Source: https://www.mcgill.ca/oss/article/health-you-asked/it-true-you-can-live-without-brain

    Back in 1980, an article appeared in Science, one of the world’s top journals, describing the work of John Lorber, a professor of pediatrics at University of Sheffield in England who had conducted a number of studies on individuals who were afflicted with hydrocephalus and came up with some remarkable findings. Lorber had subjected his patients to CAT scans and found that while most of them were mentally impaired, some, even when their brain filled no more than 5% of the cranial cavity led normal lives. In one documented case, a colleague referred a young man to Lorber because of his unusually large head which apparently was not causing him any difficulty. A CAT scan revealed a skull lined with about a millimeter thick layer of brain tissue and filled with cerebrospinal fluid. Of course the brain stem which sits at the bottom of the brain and connects to the spine was normal. Since it controls vital functions such as breathing, swallowing, digestion, eye movement and heartbeat, there can be no life without it. But the rest of the brain is obviously capable of some remarkable feats, with one part able to compensate for deficiencies in another. In the case of the young man who Lorber investigated, the thin layer of brain cells was certainly up to the task of providing the necessary brain power. The student had a high IQ of 126 and had a first class honours degree in mathematics.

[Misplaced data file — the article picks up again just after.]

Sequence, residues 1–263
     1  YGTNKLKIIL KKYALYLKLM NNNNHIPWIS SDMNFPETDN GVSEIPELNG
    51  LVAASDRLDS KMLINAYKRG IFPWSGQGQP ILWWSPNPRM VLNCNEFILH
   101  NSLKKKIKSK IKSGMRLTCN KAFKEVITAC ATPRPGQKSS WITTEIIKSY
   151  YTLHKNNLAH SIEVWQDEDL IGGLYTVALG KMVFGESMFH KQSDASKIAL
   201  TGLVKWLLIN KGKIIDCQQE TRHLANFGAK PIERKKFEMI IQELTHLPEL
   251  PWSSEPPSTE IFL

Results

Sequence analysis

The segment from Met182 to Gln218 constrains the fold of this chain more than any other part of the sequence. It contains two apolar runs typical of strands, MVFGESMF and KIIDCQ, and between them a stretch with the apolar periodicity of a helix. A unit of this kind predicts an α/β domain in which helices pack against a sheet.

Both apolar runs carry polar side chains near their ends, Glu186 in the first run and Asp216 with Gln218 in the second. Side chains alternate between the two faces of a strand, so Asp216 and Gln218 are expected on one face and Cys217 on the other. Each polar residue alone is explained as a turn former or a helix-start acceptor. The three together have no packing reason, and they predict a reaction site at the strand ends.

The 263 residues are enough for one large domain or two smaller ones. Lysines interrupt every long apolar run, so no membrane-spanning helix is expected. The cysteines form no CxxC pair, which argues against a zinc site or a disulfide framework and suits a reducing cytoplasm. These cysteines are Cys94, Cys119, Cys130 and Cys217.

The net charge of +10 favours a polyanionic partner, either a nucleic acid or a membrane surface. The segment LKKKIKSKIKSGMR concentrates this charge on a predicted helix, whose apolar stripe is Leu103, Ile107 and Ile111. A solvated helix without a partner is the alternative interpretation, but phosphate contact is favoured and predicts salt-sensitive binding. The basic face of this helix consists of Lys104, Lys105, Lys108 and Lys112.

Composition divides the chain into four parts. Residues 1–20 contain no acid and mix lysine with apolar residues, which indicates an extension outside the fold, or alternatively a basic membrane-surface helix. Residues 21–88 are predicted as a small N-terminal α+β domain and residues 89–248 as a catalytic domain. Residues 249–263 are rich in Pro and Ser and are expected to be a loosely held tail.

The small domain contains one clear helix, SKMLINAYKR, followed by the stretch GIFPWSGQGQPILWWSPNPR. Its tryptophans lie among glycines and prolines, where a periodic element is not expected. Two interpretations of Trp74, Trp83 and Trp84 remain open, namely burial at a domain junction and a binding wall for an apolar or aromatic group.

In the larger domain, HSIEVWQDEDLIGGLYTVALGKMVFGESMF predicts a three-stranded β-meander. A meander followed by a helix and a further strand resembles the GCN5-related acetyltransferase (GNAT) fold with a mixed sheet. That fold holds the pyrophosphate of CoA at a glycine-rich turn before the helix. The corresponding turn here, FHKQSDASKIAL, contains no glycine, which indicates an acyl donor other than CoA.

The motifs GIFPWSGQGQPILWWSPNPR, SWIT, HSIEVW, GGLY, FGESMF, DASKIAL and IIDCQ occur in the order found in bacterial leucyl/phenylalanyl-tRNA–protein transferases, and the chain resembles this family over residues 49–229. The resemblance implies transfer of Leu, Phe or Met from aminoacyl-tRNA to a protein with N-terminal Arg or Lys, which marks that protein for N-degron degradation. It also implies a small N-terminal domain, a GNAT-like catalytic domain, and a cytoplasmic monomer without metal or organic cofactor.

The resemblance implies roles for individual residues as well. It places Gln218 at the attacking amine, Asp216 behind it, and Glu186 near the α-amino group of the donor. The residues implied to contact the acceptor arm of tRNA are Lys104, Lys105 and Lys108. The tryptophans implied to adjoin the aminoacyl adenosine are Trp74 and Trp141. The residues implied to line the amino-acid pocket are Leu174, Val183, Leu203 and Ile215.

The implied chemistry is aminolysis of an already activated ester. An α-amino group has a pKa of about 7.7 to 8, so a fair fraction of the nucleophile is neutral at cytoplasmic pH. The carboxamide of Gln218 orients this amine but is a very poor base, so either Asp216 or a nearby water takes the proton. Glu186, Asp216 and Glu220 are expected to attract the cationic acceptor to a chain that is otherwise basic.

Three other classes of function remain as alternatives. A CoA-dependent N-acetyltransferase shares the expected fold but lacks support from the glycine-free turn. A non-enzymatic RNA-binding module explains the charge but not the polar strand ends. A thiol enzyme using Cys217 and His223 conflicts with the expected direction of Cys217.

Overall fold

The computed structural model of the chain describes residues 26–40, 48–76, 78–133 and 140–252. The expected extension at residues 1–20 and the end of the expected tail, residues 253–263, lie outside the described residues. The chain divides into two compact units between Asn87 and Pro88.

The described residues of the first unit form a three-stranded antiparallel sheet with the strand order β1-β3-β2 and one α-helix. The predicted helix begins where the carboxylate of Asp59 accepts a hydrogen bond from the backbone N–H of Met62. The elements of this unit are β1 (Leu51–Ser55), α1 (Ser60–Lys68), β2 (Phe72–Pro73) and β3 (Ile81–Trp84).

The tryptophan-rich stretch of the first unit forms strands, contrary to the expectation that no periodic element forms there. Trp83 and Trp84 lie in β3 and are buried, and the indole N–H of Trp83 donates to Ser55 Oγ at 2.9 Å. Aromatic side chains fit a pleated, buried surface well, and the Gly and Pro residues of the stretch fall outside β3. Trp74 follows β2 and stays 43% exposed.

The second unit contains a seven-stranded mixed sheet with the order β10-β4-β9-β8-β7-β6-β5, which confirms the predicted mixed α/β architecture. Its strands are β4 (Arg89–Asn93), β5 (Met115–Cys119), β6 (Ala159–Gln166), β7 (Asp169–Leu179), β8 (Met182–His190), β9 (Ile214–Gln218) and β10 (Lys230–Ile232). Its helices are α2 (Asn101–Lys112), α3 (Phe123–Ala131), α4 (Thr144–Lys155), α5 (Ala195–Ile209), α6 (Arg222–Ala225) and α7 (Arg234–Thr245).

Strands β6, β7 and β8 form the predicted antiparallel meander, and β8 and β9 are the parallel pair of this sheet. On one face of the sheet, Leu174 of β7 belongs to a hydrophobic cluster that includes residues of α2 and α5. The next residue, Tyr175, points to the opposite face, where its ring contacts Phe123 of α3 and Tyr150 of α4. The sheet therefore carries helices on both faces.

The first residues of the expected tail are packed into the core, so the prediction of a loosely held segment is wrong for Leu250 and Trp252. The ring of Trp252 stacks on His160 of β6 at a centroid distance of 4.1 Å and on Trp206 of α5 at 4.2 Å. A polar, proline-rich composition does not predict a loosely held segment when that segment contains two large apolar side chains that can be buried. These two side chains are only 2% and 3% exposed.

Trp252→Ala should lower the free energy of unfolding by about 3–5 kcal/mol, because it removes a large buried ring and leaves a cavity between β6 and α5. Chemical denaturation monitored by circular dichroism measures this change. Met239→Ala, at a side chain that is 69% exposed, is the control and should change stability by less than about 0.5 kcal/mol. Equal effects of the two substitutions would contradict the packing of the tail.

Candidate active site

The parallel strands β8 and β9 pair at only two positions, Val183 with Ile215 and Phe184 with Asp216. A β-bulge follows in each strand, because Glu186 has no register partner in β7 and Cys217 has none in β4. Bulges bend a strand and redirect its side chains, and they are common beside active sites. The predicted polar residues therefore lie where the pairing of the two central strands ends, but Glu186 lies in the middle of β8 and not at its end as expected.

© Copyright Original Source



    Without a clear-cut definition of sin, morality becomes a mere argument over the best way to train animals --- Manya the Holy Szin --- The Quintara Marathon ---

    I may not be as old as dirt, but me and dirt are starting to have an awful lot in common --- Stephen R. Donaldson ---